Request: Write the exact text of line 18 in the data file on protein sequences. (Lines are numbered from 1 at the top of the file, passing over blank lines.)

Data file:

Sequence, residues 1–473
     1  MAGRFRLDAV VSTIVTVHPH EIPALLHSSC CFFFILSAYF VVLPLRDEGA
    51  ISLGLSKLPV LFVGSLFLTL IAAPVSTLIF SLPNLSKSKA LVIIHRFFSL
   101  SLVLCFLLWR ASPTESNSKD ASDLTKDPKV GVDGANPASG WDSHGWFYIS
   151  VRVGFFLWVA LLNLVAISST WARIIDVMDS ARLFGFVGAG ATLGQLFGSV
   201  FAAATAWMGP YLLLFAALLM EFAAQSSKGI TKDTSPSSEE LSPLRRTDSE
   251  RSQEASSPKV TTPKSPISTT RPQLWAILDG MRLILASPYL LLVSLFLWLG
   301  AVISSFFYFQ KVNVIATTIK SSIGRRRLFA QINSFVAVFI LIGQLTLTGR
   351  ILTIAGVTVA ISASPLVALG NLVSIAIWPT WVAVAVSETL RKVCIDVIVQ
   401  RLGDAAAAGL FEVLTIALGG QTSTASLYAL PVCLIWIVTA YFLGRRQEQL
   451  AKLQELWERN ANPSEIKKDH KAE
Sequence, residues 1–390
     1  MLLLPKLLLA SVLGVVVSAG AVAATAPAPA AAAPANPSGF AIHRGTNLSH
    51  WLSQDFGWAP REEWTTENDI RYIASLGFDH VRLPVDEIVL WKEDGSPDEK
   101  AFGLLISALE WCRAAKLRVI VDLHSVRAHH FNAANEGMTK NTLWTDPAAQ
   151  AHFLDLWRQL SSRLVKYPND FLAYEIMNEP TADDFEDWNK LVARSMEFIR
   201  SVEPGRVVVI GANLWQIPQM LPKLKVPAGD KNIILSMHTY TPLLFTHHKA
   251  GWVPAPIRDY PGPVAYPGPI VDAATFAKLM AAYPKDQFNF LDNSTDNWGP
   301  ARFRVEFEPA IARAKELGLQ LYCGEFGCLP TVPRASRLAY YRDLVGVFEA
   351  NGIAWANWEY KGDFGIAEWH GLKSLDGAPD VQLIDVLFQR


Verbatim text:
   251  GWVPAPIRDY PGPVAYPGPI VDAATFAKLM AAYPKDQFNF LDNSTDNWGP